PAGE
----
Cancers are named based on where they start in the body. However, it is not always possible to determine
this and some cancers are only detected by the secondary tumours that have spread from the primary site.
Cancer of unknown primary (CUP) is the name given to this type of cancer. It is responsible for over 10,000
deaths in the UK a year. By the time cancer is diagnosed, it is often quite advanced and very difficult to
treat. Better diagnostic tools and treatment for CUP are desperately needed to help improve survival.
Research supported by Cancer Research UK and which has received donations from the Jet Harris Memorial
Fund has included projects led by Dr Harpreet Wasan and his team at Imperial College London. The first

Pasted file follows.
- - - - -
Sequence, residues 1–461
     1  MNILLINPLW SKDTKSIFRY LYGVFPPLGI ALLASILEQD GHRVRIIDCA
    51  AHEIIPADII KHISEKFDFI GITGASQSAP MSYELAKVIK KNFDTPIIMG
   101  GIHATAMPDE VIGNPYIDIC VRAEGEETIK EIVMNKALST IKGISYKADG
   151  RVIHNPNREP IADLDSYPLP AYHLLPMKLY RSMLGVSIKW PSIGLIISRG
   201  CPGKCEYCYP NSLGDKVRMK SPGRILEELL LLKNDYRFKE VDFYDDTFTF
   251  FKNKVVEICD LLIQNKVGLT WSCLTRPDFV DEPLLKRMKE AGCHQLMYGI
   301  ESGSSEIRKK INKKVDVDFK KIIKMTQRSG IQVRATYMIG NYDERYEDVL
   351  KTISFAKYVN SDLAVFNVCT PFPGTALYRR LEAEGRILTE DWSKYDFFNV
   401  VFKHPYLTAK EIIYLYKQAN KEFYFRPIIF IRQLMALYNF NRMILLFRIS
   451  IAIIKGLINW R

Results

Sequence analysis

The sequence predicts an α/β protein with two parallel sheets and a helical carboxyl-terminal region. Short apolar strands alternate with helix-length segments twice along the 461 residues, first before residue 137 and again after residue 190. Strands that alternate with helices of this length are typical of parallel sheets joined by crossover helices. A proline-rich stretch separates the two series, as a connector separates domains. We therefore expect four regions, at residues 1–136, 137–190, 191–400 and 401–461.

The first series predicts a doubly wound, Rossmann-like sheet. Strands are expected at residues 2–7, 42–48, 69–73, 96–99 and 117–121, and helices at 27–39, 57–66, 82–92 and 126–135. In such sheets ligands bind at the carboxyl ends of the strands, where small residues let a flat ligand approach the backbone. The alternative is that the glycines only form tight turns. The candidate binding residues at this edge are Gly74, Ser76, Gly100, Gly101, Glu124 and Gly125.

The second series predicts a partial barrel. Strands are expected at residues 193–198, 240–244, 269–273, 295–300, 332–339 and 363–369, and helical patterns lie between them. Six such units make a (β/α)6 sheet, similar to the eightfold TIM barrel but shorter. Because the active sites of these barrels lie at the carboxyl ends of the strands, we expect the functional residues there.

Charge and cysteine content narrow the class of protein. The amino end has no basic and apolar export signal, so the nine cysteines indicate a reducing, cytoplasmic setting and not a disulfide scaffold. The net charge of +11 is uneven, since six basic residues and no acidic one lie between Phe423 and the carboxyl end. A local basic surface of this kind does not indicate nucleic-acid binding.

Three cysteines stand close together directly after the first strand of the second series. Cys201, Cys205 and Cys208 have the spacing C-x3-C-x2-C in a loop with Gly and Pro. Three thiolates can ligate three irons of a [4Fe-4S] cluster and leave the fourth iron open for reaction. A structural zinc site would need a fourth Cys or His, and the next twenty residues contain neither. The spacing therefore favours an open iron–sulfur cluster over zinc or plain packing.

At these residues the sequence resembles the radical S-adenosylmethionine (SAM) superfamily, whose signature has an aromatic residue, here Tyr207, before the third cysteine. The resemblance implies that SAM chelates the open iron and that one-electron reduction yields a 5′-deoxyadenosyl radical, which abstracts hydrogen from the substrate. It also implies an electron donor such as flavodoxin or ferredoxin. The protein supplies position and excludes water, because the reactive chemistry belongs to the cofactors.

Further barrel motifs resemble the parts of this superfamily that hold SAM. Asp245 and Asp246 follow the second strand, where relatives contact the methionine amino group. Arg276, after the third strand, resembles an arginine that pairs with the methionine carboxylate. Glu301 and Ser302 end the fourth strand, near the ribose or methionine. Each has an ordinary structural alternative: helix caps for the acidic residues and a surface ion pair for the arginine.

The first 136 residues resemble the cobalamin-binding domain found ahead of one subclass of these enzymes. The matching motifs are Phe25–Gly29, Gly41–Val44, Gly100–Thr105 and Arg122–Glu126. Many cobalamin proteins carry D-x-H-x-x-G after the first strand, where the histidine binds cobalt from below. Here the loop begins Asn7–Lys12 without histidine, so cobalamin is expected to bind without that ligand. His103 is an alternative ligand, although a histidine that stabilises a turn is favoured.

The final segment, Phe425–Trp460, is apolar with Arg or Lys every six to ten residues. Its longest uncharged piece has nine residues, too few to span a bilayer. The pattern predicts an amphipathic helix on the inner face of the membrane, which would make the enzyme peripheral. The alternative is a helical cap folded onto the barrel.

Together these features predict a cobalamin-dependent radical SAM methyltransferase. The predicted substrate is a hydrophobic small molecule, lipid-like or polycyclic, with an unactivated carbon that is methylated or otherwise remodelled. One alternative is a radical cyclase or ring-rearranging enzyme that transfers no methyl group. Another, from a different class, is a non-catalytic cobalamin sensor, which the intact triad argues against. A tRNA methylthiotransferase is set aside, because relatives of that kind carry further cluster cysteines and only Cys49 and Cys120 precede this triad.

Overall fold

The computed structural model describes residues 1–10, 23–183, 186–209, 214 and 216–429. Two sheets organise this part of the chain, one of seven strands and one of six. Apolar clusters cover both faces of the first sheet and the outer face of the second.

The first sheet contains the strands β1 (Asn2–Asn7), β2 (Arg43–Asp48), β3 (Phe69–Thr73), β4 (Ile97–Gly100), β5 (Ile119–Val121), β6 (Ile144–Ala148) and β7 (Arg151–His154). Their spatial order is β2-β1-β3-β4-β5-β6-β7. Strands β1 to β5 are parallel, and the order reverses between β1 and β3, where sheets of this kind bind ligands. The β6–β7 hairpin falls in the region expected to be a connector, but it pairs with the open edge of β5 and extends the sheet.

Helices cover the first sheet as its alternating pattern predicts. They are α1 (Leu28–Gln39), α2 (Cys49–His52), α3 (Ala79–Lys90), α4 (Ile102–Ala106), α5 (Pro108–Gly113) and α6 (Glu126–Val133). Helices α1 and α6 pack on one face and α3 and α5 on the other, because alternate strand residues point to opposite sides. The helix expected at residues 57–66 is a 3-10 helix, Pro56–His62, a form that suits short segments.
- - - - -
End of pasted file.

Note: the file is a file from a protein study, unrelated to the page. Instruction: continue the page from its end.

project was designed to show whether a new combination of chemotherapy drugs could improve survival
for patients with CUP and to help design future trials to test whether it should be a standard treatment.
The second project is focusing on the molecular classification of CUPs - currently testing samples from CUP
to see if it’s possible to find out where each tumour started. General areas of research into CUP are also
Further information about cancer of unknown primary can be found on the Cancer Research UK website www.cancerresearchuk.org
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